Value Line Publishing, October 2002
Gracie Quintana Jeff Miller Christine Kyrish Steven Poon
December 6, 2004
Table of Contents
Financial Data Snapshot I. Overview of Valuation II. Business Summary Products and Services Competitors Industry Analysis Competitive Strategy III. Accounting Analysis Accounting Policies Degree of Accounting Flexibility Accounting Strategy Quality of Disclosure Quantitative Analysis Red Flags IV. Ratio Analysis and Forecasts Ratio Analysis Section Financial Statement Forecasting Methodology Conclusion V. Valuation Cost of Capital Method of Comparables
1 1 4 4 6 9 15 16 16 19 20 23 23 24 26 27 29 33 34 35 36
Discounted Dividends Discounted Free Cash Flows Discounted Residual Income Long Run Average Residual Income Abnormal Earnings Growth Altman’s Z-score Results VI. Analyst Recommendation VII. References VIII. Appendix Industry Graphs Ratio Analysis Competitor Annual Financials Quarterly Financials and Forecasts Annual Financials and Forecasts Calculations used in Valuations Method of Comparables Valuation Discounted Free Cash Flow and Sensitivity Analysis Valuation Discounted Dividends and Sensitivity Analysis Valuation Residual Income and Sensitivity Analysis Valuation Abnormal Earnings Growth and Sensitivity Analysis Valuation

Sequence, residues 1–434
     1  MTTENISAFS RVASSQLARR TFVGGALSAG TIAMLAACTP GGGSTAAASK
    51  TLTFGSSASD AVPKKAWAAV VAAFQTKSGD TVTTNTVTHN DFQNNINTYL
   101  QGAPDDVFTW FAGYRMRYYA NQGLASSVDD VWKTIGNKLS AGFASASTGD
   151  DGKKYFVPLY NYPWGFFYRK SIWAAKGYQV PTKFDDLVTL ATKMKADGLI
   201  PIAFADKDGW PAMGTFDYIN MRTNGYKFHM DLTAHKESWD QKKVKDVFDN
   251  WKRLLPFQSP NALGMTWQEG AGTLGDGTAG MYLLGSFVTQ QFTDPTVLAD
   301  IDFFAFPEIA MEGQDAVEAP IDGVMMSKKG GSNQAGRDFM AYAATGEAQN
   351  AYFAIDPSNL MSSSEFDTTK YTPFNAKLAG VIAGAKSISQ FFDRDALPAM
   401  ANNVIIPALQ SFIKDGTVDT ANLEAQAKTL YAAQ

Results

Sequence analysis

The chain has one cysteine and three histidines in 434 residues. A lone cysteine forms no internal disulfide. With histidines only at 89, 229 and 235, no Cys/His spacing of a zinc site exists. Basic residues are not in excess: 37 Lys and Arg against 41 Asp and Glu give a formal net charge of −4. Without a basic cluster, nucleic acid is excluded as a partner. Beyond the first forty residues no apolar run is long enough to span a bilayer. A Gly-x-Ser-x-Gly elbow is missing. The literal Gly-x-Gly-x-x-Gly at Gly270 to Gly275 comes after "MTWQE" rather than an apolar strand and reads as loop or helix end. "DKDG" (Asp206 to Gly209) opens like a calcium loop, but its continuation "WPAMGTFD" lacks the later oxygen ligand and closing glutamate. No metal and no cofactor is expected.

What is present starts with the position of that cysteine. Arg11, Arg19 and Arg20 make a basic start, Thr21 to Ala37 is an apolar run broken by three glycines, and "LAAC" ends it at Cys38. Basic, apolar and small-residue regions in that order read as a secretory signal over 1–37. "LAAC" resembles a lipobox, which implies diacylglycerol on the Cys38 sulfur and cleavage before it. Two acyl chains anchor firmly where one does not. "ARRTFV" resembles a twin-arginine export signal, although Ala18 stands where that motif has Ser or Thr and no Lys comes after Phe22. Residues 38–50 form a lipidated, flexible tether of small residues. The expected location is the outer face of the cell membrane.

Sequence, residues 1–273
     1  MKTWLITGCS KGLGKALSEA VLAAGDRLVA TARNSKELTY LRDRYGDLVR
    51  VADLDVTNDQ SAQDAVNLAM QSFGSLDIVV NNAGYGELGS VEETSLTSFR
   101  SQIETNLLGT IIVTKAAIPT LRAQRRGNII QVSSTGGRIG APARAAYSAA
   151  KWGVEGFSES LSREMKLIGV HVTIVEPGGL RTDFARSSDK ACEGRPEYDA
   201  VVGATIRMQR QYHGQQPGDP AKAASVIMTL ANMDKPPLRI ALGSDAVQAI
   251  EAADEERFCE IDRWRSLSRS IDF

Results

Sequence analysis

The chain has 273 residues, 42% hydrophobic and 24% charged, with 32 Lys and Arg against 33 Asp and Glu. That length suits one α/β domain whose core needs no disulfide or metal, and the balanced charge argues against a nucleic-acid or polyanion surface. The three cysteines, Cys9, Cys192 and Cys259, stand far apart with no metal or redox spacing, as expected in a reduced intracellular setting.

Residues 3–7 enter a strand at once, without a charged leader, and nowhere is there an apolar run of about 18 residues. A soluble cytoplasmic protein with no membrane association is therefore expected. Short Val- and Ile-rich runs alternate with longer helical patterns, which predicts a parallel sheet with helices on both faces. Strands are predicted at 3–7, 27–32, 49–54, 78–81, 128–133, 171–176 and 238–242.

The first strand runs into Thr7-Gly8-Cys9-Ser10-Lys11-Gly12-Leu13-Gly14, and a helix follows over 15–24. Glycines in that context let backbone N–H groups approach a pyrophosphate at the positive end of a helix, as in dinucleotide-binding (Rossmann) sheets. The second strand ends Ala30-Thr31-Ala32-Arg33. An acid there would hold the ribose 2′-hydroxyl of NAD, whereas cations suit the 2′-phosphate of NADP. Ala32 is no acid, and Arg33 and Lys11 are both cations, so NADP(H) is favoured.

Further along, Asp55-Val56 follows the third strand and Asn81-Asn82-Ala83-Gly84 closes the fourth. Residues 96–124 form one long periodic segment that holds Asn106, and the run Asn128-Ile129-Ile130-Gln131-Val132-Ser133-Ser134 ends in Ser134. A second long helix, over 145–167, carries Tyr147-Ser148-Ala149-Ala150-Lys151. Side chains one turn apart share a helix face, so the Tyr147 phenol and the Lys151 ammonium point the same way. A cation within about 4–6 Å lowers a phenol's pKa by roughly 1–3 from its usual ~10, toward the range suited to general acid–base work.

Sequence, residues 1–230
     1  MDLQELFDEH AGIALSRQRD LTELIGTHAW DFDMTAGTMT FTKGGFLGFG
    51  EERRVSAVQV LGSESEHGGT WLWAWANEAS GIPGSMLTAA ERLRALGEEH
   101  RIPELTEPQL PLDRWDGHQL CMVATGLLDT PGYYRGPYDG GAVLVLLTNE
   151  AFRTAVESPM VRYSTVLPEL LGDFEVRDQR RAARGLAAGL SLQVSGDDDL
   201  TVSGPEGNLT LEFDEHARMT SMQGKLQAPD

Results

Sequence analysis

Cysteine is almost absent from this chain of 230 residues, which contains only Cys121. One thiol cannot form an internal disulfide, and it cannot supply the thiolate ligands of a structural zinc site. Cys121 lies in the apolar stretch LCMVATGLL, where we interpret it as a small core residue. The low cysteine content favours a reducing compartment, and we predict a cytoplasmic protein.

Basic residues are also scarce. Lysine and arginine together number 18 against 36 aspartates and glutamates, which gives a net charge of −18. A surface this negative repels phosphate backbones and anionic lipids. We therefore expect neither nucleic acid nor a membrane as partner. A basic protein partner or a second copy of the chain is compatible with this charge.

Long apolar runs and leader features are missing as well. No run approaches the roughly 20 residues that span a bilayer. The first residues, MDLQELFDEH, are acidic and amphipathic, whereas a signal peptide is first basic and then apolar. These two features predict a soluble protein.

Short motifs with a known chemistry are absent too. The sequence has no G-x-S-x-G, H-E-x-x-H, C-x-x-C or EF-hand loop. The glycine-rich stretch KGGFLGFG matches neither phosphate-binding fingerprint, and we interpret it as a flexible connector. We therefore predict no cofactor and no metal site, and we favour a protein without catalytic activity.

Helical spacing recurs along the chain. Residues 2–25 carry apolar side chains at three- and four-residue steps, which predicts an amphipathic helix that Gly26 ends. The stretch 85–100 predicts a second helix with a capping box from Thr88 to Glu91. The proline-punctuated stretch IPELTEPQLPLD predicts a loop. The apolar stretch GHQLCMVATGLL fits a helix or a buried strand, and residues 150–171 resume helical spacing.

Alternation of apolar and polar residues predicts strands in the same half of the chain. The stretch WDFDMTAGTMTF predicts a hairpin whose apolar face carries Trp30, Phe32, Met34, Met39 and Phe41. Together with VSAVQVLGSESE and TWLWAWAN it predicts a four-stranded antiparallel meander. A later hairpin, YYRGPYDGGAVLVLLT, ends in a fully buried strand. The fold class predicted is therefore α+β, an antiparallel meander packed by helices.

37 38 39 39 40 41 41 42 43 44 44 45 47 49 52 55 56 57 58 59 60
Investment recommendation: Home Depot is slightly overvalued therefore we recommend it as a hold. The stock is poised to perform at least as well as the market.
Home Depot is expected to penetrate foreign markets; this growth opportunity will increase market share and the bottom line. Uncertainty in the economy affects Home Depot’s sales, as it operates in a cyclical industry. This uncertainty will not have a detrimental impact on the long term growth of Home Depot and its subsidiaries.
I. Overview of Valuation Company and Industry Overview The Home Depot, Inc. is the world’s largest home improvement retailer and